Dissident Bahraini soccer player Hakeem al-Araibi, photographed Feb.4 as he left court in Bangkok, was released a week later after prosecutors said they were no longer seeking his extradition to Bahrain.
Chatchom Akapin, director-general of the Attorney General's International Affairs Department, said the Foreign Ministry had told his office yesterday morning that Bahrain wanted to withdraw the extradition request.
However, Bahrain's foreign ministry said the government will be maintaining the criminal conviction against him and the possibility of pursuing further legal action. Thailand and Bahrain do not have a formal extradition treaty but an extradition has been possible in the past "in the spirit of reciprocation and cooperation". He believed he was targeted because of his Shiite faith and because his brother was politically active in Bahrain, which has a Shiite majority but is ruled by a Sunni monarchy. "The Bahraini authorities have demonstrated a zero-tolerance policy when it comes to free media, independent political thought, and peaceful dissent", Lama Fakih, deputy Middle East and North Africa director at Human Rights Watch, was quoted as saying in January.
"As prime minister, I'm pleased Hakeem is coming home, and I'll be pleased to see him at home when that occurs", Morrison said.
Hakeem al-Araibi's family has thanked the worldwide community for securing his release from potential extradition to Bahrain, a country he fled after he was imprisoned and tortured.
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Al-Araibi's ordeal shone a light on the human rights violations committed against athletes around the world, Foster said. However, the 10-year jail sentence on al-Araibi remained in place.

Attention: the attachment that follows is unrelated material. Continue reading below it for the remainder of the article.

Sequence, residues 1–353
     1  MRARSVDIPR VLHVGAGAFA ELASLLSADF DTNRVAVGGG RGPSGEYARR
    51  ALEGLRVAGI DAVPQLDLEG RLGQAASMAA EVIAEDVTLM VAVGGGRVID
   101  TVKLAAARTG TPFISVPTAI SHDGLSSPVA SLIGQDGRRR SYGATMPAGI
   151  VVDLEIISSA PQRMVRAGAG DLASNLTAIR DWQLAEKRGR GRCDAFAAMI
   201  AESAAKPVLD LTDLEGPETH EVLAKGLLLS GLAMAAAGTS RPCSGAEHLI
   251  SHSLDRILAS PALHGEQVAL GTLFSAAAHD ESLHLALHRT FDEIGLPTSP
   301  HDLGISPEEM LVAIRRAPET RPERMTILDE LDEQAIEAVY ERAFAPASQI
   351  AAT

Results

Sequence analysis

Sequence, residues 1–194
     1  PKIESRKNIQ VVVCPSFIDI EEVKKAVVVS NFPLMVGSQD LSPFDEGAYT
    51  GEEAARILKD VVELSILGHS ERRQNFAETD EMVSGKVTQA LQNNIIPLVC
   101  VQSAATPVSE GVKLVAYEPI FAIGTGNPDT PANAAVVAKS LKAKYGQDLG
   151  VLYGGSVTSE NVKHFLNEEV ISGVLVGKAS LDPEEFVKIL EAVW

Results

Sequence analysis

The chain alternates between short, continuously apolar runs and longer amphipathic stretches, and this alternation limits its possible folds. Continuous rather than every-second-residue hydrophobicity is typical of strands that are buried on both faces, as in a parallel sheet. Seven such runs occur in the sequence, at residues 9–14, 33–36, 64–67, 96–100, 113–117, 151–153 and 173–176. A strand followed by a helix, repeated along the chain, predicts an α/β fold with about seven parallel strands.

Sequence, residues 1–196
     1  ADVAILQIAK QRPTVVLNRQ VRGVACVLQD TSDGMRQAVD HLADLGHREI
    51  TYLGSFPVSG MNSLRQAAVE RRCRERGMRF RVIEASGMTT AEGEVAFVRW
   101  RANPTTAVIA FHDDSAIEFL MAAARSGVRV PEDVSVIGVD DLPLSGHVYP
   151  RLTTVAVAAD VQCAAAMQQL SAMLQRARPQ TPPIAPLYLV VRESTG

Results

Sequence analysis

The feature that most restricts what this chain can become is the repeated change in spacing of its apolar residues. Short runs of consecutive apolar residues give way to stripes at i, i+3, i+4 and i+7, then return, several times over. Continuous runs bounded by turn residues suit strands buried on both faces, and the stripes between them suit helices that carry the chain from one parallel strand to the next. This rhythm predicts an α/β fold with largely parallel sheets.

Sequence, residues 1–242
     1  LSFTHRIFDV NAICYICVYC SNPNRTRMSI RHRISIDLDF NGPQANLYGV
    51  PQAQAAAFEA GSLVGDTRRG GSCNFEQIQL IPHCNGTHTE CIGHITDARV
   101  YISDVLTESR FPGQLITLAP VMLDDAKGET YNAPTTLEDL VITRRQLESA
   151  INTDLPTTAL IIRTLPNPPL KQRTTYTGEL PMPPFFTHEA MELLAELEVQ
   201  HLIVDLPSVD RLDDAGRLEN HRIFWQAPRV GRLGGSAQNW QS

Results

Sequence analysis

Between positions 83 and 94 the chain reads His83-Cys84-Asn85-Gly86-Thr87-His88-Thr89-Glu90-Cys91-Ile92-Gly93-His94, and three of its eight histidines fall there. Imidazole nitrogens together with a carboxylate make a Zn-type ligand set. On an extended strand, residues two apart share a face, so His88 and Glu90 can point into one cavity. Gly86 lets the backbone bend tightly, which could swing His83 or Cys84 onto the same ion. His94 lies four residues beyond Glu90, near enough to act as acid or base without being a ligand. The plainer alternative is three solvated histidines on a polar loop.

Australia has acknowledged it notified Thai authorities about Araibi's travel, but vehemently rejected claims that it issued the initial red notice. "My life is in danger".
Al-Araibi was arrested on 27 November on an erroneously issued Interpol red notice, which should never have been granted to Bahrain under clear Interpol policies created to protect refugees from refoulement. "I love Australia", he said.
The 25-year-old fled his homeland in 2014 before being granted permanent residence in Australia, where he is on the books of semi-professional club Pascoe Vale. There was no equivalent of the #SaveHakeem campaign now catching on online when, for example, Thailand turned over a planeload of asylum-seekers to China in 2015, flown back with their heads covered in black hoods and flanked by masked Chinese security agents.
"Our special thanks to the Australian football community and Hakeem's colleagues; particularly to the former Australia global footballer Craig Foster, who has honestly put nothing before this appalling case and has never lost any chance but to save Hakeem".
Foster included a new hashtag: #Hakeemhome.